By Anthony E. Parelli

NEW CANAAN—When your jersey hangs in the NBA Hall of Fame and you’ve been personally recognized by the Queen it can be easy to get a big head (especially when that head sits on a 6’ 10” frame), but John Amaechi remains ever humble in his ventures, and that’s why he is one of the foremost professionals in a variety of fields.

Amaechi, who spent eight years in the NBA after first picking up a basketball at age 17 is the only English player to be honored by the Hall of Fame, but it’s what he’s done after basketball that prides him the most.

Last week Amaechi spent three days at New Canaan Country School giving workshops to faculty, parents and children of the school. The lessons Amaechi brings to the children on the court are the same ones he echoes to the adults in the classroom.

“Generically sports can teach some great lessons,” Amaechi said of his teaching approach. “But people are under the mistaken idea that sports do it by themselves and that’s not true, but they can be effective in teaching in an easy way like, not cutting corners.”

Not cutting corners was the first message Amaechi gave to the children of NCCS during a simple drill of dribbling a basketball around the court. If a student didn’t dribble around every corner the drill was stopped so that they could reflect on the lesson. When Amaechi huddled everyone up at the conclusion of the event an hour and a half later he asked what they had learned. The answer was a resounding “don’t cut corners,” from the children.

“It’s a really easy way to make people understand that these tiny little shavings of cheating don’t prosper in the end,” Amaechi said of the lesson. “So with a group like this you can have fun but if they keep that one little bit in their head then that’s transferrable and teachers can get excited about that too because they can hear that and use it again. It’s not super profound, sometimes when you work with children people think there’s some super profound nugget that they have to leave with them forever but it’s the simplest things that will stay with them.”

The NCCS visit isn’t an anomaly for Amaechi as he has made it his life’s work to provide any philanthropic services he can to people across the globe.

After retiring from basketball Amaechi earned his PHD in psychology and has gone on to work as a psychologist and advisor to some of the biggest firms in both America and England. His book ’Man in the Middle’ was even featured on the New York Times best seller list.

“I don’t think I’m that benevolent, it’s just that if all I am is the guy who’s really good at putting a ball in a hole it seems so empty,” Amaechi said of his post NBA work. “There’s no legacy to that from my perspective, the way you live on is by having people tell the story about the times they’ve met you. If I want to have any kind of enduring impact in this world it will be by having contact with young people, with teachers and in the corporate world.”

Accomplishments like that will garner plenty of attention, and that’s what Director of Community Development Lynn Sullivan saw when she was researching potential candidates to speak at the school.

“It’s been unbelievable,” Sullivan said of the school’s interaction with Amaechi. “I think the number one message John has brought to us is the practice of being mindful and giving the space and time and attention in every interaction with someone.”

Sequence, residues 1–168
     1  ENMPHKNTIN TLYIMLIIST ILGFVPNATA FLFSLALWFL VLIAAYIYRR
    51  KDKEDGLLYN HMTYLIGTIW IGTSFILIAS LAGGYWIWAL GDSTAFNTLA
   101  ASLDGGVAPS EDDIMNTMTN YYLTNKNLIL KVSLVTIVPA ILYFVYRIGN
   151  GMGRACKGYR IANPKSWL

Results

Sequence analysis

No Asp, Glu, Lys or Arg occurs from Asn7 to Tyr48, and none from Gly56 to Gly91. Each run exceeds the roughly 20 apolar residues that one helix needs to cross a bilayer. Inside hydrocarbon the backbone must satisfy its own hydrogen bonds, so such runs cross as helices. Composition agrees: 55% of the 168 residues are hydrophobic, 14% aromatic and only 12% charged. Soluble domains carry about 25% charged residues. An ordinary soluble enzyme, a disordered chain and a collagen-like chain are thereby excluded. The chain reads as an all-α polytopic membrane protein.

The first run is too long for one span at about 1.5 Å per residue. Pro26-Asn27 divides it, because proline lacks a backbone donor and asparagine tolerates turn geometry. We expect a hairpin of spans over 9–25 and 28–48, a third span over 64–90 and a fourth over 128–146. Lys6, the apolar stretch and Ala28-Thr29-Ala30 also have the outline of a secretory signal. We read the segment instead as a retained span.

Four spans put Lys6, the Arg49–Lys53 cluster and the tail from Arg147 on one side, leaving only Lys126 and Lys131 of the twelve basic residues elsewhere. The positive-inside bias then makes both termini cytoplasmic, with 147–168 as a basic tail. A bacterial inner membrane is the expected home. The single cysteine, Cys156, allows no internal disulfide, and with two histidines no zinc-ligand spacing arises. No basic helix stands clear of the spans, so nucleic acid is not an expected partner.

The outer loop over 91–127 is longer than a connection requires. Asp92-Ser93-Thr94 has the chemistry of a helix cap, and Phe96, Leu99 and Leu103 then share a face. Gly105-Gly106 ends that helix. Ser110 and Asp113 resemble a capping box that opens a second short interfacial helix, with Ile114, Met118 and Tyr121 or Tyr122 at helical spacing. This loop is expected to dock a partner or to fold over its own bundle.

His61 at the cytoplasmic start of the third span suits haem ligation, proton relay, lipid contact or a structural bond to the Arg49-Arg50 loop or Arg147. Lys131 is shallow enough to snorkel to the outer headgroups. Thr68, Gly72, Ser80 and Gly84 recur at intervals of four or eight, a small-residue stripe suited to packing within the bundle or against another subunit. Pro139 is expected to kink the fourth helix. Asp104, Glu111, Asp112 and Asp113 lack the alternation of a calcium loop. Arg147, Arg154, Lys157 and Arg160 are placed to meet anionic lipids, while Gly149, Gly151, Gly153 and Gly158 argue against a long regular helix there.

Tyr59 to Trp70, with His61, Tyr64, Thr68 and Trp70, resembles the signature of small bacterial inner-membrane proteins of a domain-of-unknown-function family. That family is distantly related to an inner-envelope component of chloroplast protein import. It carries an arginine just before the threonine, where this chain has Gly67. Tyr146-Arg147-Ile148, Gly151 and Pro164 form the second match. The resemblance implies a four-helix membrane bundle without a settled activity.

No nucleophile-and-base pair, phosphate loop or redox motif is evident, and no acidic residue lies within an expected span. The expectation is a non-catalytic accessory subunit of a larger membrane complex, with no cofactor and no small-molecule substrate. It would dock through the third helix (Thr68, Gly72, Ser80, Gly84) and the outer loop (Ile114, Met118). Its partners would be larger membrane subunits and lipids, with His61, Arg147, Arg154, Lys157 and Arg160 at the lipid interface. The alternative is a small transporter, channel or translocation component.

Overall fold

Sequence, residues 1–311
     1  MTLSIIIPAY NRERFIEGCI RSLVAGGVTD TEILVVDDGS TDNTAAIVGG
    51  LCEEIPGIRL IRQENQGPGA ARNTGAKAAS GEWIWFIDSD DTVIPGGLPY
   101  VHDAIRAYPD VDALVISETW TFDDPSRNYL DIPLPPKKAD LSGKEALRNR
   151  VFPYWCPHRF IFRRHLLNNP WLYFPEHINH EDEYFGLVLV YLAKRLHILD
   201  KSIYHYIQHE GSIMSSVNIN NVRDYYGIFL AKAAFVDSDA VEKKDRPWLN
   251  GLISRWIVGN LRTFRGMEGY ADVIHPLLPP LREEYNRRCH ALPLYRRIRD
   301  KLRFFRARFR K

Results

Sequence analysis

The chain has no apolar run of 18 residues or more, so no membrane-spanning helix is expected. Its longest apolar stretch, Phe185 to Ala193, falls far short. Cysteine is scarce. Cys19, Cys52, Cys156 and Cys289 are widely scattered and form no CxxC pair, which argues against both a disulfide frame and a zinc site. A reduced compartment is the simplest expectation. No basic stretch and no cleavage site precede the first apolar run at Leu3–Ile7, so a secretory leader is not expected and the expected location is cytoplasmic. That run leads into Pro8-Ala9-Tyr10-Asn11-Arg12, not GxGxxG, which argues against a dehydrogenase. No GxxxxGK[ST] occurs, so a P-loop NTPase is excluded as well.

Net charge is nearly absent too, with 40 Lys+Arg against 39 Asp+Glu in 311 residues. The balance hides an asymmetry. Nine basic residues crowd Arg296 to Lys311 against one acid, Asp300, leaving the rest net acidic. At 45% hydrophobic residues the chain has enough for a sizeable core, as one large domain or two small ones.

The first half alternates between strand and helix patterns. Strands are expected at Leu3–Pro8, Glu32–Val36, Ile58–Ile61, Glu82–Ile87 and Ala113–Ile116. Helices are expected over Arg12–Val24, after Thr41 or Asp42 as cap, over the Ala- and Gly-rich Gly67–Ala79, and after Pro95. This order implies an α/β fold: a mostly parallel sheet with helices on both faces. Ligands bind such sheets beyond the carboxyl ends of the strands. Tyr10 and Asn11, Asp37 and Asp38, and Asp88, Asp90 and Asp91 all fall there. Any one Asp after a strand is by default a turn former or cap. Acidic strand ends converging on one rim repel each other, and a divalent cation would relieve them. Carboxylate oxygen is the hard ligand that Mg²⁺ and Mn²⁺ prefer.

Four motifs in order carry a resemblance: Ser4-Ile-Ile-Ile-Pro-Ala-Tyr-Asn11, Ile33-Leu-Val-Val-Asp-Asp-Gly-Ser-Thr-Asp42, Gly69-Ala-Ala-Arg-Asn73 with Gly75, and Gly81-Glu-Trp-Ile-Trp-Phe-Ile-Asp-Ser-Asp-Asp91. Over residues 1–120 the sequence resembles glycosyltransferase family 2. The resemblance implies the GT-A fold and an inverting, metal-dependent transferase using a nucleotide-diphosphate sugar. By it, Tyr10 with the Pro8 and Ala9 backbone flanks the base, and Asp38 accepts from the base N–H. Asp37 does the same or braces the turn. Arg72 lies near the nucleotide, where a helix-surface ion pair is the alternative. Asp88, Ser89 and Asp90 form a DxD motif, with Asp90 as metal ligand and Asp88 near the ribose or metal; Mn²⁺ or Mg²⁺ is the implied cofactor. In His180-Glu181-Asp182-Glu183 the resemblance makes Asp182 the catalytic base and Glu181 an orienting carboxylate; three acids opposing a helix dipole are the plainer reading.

Every student at NCCS is required to participate in an extracurricular sport. For the students that chose basketball the thrill of learning from someone who has been at the pinnacle of the sport is invaluable.

“Watching the kids come in here, the ones who are really passionate about basketball, was really fun,” Athletic Director Keri Kern said. “Watching them with their bright eyes, it was a great opportunity, how many people ever get a chance to meet an NBA player and to have a personal clinic?”

For sixth grade student Ryan Higgins the experience from a pure basketball standpoint was what he enjoyed most, and commented on how well Amaechi tailored his lessons towards the students.

“He was really great, he really understood the kids and he knew what drills to do,” the young sharp-shooter said. “They weren’t too hard or too easy, he really knew the right level for everyone.”

The drills and lessons were non gender specific and fifth grader Paige Davis enjoyed herself as well.

“I thought it was really fun,” Davis said. “I wish I could do it again.”

Reactions like that are what keeps Amaechi going in his busy schedule. His ultimate goal is to sit on England’s House of Lords (similar to America’s Senate) but he isn’t dismissive of any endeavor he takes along the way, oft stepping back to enjoy the moment.

“The truth is, every day I wake up and I’m doing exactly what I want to do,” Amaechi said. “I work in a corporate sphere that is pretty cut-throat as well as this kind of education sphere as well as intelligence services both here and in the UK and there isn’t any day that I don’t go into any of these places and look around and think, ’how cool is this?’”

While Amaechi might be most known for his basketball career he knew at the age of seven he would one day be a psychologist. Amaechi watched as his mother, who was a doctor, was able to calm her patients in just two or three minutes of talking, and that visible relaxed feeling he saw convinced him that she had supernatural powers, and that one day he would too.

“I thought, ’how cool it is by talking to someone you can change their physical demeanor,’” Amaechi said. “You can see their shoulders relax and their breaths ease. I was convinced my mother was a Jedi and I realized I wanted to be a Jedi when I grew up; so now I think there is a little bit of Obi-Wan with me.”